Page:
Raise Organic, Fresh Food in the Backyard

With a little hard work and some determination, even small, urban backyards can be converted to functioning mini-farms, and a supply of fresh, organic food.

Even this fall, there still are ways to accomplish this. I've written my post on foraging, but have you ever considered raising your own animals or starting a small greenhouse? Both are ways to have fresh, organic food this winter and can be added on next spring.

Eating clean is easier than you may think. With potential upcoming supply shortages, it's a great time to begin thinking of supplying your own groceries, even your own milk and meat.


It's fall, meaning garden season is over(for the most part.) There are still some plants that don't mind the cold weather, and can still be planted, even this late! Kale is power food that comes to mind. Kale enjoys the cool weather.

If you're wanting to jump into growing a full-on garden in the cold weather this winter, there are a few ways of achieving this!

Greenhouse Heater Options

Unless the greenhouse is in an extremely warm climate, more than likely it will need a heater during the winter months. No matter how insulated or layered the house is, the sun will not be enough to fully heat it in extremely cold temps. There are several options for heating a greenhouse, even in the coldest of climates!

Heaters are available in electric, propane and even natural gas options from greenhouse suppliers, such as Growerssupply.com(not sponsored.) Don't forget, an electric option can become a solar option with a solar panel setup!

Larger Greenhouses

Dive right in and have fresh strawberries in the middle of January, or even a choice of favorite veggies. No buying imported food from thousands of miles away, this greenhouse is 20'x10', with plenty of room to grow a variety of berries and veggies.

Medium Greenhouses

An in-between option for space saving and growing big!

Small Greenhouses

57"x57"x77"- a great space saving option for some vertical growing! I could even see this as an option for growing carrots or some other root veggies.

Mini Greenhouses

I think this is more for prolonging the growing season, but still a great option!

Some of this equipment seems pricey, but given that it can be added onto and cut out a grocery bill completely, it's worth the money in my opinion.



Chickens are small and hens won't make much noise, like roosters. They don't take up much space, and can be kept contained in coops, like this one, or pens. These hens can produce eggs and meat from a source you know is 100% organic and cage free. In fact, chickens can be fed some food scraps from our own plates(and gardens!)

Ducks need a water source and a little bit more space than chickens, but still qualify as small space friendly! They do require a bit of upkeep for their water, as they can very messy, but are still great for a meat variety and eggs!

Turkeys are another option. They do require more space than the before mentioned, BUT they produce much more meat per bird. Turkeys do lay eggs as well, but I've honestly never tried them. I do love turkey!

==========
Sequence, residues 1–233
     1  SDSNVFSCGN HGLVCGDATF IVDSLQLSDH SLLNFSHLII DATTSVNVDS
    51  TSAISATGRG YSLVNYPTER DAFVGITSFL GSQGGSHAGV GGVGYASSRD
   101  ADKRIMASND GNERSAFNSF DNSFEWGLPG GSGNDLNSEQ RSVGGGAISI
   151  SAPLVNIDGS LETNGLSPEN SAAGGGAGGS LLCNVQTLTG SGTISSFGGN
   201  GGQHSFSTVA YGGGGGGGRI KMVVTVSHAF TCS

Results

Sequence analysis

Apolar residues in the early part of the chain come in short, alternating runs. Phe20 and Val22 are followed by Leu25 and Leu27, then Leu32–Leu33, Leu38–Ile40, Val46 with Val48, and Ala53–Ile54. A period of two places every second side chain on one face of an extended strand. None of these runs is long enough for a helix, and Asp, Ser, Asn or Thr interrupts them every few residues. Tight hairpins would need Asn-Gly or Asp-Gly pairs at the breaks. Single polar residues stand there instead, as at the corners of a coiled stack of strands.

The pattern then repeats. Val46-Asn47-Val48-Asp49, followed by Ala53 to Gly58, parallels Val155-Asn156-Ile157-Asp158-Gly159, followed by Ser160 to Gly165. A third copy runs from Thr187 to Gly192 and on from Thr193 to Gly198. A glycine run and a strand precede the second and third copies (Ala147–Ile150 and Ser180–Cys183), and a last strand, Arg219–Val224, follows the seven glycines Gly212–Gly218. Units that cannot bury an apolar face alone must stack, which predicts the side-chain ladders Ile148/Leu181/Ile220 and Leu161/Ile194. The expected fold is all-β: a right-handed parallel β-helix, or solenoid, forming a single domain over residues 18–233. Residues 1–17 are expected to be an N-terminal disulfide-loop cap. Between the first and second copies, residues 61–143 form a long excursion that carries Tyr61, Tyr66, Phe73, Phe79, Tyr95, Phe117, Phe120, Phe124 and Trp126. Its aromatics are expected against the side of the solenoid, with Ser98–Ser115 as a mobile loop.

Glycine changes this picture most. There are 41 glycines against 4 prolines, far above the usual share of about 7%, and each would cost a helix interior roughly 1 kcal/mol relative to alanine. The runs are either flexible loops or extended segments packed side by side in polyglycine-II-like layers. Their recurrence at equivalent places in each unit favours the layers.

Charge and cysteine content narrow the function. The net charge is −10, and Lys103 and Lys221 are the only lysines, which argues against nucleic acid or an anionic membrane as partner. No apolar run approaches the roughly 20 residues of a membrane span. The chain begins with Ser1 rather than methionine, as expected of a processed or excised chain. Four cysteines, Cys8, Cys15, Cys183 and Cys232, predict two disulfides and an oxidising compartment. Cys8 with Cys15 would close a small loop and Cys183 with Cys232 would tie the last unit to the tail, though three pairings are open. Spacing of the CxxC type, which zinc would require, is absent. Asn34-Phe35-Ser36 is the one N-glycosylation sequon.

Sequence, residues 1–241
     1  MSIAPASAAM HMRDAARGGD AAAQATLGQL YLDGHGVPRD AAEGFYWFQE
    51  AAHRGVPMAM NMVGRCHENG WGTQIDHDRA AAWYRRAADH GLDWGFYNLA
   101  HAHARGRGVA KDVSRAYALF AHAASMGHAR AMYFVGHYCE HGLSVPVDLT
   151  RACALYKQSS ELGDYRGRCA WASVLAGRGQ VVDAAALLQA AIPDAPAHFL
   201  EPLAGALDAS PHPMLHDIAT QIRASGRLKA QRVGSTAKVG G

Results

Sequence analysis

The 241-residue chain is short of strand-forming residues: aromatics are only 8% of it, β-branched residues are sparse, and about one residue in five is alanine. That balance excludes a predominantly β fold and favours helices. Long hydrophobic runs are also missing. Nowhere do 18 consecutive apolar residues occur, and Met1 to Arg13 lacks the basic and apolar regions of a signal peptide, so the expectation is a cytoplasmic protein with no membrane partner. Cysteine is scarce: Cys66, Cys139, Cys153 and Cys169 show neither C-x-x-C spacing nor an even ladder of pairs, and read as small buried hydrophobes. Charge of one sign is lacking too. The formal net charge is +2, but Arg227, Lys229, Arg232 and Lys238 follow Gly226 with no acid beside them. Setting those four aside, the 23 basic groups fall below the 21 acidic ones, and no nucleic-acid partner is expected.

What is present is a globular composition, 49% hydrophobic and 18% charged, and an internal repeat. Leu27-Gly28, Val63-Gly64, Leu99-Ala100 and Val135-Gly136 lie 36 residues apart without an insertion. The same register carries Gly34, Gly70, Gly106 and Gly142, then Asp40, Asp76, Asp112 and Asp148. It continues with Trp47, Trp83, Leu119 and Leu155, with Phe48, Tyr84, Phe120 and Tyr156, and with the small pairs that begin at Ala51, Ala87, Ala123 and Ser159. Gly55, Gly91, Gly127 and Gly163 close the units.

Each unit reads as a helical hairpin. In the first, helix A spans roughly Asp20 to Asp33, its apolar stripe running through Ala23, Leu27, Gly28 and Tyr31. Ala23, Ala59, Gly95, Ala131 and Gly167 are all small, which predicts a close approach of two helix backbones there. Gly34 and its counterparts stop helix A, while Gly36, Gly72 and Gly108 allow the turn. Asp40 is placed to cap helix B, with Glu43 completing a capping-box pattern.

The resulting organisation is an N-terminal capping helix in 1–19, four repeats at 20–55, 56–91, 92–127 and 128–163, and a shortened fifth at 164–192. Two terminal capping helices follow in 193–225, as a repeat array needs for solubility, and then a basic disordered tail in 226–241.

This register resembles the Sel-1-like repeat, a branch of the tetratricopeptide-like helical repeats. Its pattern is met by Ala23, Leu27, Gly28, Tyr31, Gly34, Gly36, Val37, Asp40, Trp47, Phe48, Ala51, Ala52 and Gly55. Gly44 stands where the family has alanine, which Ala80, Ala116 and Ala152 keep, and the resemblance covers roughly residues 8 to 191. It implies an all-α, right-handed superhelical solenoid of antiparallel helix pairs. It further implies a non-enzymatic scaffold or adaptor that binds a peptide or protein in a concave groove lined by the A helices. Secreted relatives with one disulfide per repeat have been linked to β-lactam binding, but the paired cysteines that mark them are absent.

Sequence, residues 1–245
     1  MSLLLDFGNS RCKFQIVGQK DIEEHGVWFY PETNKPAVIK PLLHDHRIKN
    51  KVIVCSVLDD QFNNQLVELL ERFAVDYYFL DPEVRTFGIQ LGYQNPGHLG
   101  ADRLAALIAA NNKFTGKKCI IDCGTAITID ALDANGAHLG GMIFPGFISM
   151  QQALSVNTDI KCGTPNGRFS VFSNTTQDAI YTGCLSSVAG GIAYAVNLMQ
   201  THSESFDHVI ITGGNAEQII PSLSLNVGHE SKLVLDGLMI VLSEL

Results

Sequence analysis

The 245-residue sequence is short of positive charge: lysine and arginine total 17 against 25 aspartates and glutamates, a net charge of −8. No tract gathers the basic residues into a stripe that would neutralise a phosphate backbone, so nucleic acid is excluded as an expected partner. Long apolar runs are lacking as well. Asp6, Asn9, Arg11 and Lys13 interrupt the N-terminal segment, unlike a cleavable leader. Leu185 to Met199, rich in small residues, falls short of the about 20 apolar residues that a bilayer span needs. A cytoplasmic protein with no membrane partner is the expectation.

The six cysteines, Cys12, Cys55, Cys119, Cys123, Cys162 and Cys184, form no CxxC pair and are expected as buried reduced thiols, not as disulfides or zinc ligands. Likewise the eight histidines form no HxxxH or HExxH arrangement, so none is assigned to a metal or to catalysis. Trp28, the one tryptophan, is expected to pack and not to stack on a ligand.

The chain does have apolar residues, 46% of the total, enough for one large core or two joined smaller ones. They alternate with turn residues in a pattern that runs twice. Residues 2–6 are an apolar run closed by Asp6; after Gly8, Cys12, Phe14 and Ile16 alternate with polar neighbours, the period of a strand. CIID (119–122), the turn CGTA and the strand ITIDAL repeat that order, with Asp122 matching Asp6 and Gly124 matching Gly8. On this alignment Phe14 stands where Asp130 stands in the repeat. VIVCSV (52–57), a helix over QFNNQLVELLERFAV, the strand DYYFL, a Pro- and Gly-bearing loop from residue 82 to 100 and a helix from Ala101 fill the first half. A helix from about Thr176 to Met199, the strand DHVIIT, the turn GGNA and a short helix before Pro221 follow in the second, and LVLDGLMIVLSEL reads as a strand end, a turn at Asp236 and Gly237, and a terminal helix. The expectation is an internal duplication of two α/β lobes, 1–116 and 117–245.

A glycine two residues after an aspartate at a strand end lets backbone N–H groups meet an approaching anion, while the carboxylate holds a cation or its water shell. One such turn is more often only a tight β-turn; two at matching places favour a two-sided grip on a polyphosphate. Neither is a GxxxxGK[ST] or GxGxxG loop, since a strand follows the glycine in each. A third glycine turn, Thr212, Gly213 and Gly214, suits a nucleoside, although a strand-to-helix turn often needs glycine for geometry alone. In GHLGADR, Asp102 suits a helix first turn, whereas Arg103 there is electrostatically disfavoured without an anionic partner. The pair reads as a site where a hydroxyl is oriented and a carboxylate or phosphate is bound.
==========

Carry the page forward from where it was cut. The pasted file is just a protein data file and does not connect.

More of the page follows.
There's also other poultry options for small yards, such as guineas and quail. Both guinea and quail lay eggs, and some have even found a great income in raising them.


Another small animal option are bees. One hive like this one can produce up to 100lbs of honey per year. This is a source of organic honey, never watered down and with no sugars added. This is also a great option for an additional income!


Depending on the breed and time of butchering, a pig can produce over 100lbs of meat. A boar and sow can have over ten piglets per litter, meaning one set alone can produce 1,000lbs of meat in one year's time. Given that not many families will eat that much meat, they can also serve as an income. Some piglets are going for over $50/head, here!


If you have a larger backyard, and don't mind a little bit of noise, goats are a great option for many reasons. They produce milk that can be turned into many different products, like soap, cheese, cream, butter and, of course, just plain milk!

Goats can be raised for meat, or sold for an income. A doe can have two babies at a time, and unregistered milk-breed babies can go for over $75 a head, here.

If you're uncomfortable butchering animals on your own, some butchers will do this for you. Ask around for prices and be sure to mention that you're wanting to bring the live animal in.

Look for butchers that are USDA certified, and call before changing the diet of or bringing in any animals. They are usually very busy in the fall and early winter because of hunting season. Ask about their turnaround times before dropping off animals!

Starting a suburban homestead is a step toward independence from the supply chain, self-sufficiency from foods from potentially unhealthy sources and a cleaner, less-waste lifestyle. Sustainability is the deciding factor of our future!

Thank you for reading! As always you can find me over on Twitter and please share this post! Sharing helps me to keep making posts just like this one and creating more content. I'll see you on the next 'round!

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